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Kan. House Passes Bill That Would Modify Telemedicine Abortion Ban

Kan. House Passes Bill That Would Modify Telemedicine Abortion Ban

June 1, 2015 — The Kansas House on Saturday voted 109-2 to pass a bill (S Sub for HB 2228) that changes the language of a 2011 telemedicine abortion ban (SB 36), the AP/Franklin Daily Journal reports.

The measure, which unanimously passed the state Senate last week, now heads to Gov. Sam Brownback (R) for consideration (AP/Franklin Daily Journal, 5/30).


SB 36, which was signed into law by Brownback in 2011, requires that medication abortion be administered in the presence of a physician and encourages patients to return to the physician between 12 and 18 days after completing a medication abortion regimen.

The law also authorizes the Kansas Department of Health and Environment to write standards for buildings and equipment, issue annual licenses for abortion clinics, fine clinics for non-compliance and go to court to close clinics. Further, it requires the state's abortion clinics to be inspected twice annually, with at least one of the inspections being unannounced; mandates that at least two people -- one of whom must be a woman -- other than the patient be in the room during a pelvic exam or abortion; and requires physicians performing abortions to have admitting privileges at an accredited hospital within 30 miles of the clinic.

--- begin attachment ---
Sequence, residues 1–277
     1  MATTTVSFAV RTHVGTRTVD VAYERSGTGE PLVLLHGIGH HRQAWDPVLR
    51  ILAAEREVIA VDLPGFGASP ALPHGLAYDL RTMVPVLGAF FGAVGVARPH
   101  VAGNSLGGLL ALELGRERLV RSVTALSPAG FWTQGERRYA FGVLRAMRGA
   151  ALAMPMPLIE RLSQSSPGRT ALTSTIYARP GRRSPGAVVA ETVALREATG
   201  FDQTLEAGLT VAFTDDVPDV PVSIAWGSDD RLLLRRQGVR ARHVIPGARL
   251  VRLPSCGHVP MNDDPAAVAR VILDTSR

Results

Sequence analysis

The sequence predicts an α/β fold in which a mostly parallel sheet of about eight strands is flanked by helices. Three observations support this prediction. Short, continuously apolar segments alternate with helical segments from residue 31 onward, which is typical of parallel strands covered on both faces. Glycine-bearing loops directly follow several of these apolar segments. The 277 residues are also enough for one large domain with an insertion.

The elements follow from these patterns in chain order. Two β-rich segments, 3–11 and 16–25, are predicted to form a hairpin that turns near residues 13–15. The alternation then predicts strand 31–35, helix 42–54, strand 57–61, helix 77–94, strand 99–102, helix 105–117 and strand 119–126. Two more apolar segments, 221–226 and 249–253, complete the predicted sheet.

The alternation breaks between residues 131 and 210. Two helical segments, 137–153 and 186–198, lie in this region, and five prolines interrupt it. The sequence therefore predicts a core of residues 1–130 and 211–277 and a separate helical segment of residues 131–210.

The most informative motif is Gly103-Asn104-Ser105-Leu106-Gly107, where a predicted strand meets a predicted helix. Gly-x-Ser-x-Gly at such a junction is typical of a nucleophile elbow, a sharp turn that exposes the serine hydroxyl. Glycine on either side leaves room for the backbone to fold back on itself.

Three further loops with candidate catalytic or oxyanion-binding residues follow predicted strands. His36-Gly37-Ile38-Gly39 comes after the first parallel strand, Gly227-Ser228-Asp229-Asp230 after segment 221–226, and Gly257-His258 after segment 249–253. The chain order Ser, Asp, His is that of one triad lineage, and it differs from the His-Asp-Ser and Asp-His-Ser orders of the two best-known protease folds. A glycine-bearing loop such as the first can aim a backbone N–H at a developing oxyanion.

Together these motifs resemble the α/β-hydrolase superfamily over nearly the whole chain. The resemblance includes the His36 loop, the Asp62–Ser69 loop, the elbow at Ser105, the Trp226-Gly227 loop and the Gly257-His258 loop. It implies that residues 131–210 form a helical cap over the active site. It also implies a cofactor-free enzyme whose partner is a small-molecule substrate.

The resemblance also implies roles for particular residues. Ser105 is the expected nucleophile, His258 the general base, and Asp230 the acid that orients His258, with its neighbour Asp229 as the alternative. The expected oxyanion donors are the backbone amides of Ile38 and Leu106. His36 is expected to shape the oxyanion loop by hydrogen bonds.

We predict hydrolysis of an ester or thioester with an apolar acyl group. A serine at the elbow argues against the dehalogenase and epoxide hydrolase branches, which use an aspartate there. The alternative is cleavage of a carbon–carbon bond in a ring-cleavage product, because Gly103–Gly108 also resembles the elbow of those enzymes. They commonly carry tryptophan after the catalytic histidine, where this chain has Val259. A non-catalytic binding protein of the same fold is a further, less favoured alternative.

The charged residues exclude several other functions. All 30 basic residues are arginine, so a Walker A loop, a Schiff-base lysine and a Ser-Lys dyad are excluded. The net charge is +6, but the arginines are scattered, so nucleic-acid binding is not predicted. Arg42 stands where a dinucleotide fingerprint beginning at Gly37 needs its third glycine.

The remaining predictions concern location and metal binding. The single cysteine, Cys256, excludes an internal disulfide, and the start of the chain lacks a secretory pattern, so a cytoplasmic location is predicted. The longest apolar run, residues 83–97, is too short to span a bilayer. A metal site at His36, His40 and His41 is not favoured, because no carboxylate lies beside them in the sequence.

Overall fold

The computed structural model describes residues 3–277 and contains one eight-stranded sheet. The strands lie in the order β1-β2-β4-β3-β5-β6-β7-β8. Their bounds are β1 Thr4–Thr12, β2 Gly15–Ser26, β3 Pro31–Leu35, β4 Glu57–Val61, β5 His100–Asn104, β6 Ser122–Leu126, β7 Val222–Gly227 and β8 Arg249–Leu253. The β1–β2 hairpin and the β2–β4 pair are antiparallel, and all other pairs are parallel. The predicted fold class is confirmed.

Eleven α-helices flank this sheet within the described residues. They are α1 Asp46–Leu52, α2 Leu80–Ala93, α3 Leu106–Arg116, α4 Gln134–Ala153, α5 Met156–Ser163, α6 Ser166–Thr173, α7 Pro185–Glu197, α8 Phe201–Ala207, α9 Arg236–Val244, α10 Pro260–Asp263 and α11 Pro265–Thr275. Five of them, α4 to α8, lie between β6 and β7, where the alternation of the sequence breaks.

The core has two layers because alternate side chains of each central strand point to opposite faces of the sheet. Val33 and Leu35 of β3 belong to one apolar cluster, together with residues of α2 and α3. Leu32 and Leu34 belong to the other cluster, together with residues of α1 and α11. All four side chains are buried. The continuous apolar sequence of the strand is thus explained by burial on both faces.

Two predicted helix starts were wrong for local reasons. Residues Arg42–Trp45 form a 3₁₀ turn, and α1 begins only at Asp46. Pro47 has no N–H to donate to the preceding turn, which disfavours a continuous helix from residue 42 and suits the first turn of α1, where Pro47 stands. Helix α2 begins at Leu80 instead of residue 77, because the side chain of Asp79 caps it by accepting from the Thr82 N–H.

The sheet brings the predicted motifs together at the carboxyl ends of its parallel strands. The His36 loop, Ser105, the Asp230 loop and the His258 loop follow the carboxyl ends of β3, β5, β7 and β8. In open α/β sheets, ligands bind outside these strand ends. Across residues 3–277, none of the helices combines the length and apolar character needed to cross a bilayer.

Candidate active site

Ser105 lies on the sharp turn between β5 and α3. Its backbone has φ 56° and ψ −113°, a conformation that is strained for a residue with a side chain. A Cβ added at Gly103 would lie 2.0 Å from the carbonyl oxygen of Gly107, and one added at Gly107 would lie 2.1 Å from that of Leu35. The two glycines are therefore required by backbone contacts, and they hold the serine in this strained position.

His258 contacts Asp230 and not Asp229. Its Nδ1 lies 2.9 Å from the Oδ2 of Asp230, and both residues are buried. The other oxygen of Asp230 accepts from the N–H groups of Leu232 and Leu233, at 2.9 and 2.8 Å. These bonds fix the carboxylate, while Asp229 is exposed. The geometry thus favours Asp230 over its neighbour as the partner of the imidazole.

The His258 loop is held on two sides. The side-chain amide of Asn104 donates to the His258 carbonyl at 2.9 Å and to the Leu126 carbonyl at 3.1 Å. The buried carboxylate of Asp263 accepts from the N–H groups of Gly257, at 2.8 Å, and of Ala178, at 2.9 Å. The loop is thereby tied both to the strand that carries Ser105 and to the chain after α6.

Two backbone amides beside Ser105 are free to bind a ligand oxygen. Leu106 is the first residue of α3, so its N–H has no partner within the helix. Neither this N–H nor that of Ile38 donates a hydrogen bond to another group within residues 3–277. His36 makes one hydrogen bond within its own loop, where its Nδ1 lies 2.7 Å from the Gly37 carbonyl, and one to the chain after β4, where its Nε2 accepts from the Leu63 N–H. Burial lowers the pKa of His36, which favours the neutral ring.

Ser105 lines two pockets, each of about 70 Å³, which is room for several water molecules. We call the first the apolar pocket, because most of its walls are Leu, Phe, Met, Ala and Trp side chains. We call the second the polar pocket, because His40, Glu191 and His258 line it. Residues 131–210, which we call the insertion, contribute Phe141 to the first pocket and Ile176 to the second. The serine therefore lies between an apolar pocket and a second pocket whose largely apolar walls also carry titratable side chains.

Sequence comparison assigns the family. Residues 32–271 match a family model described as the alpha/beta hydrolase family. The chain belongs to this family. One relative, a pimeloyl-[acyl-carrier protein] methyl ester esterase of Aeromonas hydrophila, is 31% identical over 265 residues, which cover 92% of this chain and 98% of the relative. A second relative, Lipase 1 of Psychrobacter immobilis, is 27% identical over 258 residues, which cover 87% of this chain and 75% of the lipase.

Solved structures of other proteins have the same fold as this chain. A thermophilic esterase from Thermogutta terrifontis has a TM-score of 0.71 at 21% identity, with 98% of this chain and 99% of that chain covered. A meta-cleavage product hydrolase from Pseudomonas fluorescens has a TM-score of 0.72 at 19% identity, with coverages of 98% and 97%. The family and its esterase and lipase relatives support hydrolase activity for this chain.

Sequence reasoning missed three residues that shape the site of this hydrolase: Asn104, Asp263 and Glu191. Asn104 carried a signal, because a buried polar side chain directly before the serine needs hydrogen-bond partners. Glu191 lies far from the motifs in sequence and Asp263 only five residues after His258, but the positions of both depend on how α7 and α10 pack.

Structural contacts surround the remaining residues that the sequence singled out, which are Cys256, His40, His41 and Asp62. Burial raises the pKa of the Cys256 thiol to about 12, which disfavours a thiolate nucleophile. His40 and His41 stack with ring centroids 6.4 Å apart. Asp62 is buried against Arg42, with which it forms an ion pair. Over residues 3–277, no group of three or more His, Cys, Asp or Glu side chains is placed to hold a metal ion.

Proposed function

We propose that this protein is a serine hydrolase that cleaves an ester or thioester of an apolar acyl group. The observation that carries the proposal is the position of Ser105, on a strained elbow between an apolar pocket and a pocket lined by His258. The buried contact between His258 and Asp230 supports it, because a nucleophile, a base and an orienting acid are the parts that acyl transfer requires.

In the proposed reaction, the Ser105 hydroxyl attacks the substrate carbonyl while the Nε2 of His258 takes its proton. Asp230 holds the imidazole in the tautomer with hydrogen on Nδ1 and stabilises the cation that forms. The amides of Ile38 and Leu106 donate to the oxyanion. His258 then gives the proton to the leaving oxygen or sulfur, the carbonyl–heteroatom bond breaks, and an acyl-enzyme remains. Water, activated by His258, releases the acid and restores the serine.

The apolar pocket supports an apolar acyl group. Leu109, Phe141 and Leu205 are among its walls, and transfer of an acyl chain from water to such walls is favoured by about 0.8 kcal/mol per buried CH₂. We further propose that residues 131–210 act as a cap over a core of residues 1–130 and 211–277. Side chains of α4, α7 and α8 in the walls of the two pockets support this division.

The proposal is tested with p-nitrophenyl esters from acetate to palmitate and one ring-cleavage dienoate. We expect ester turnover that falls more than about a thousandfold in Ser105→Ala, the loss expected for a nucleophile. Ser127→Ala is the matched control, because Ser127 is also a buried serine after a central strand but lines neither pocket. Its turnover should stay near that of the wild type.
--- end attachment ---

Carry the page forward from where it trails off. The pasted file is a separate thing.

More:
The Center for Reproductive Rights filed suit against the law on behalf of two physicians, Herbert Hodes and Traci Nauser, who argue that the legislation is unnecessary, burdensome and intended to discourage physicians from performing abortions. Judges have blocked the law from taking effect.

New Legislation

The new measure represents an attempt by state lawmakers to resolve litigation against the 2011 law. It would amend the law to clarify that the requirement that a physician be in the room with the patient when administering medication abortion would not apply in cases of medical emergencies.

However, CRR senior counsel Stephanie Toti said the proposed change would "multiply the issues in the lawsuit" (Women's Health Policy Report, 5/26).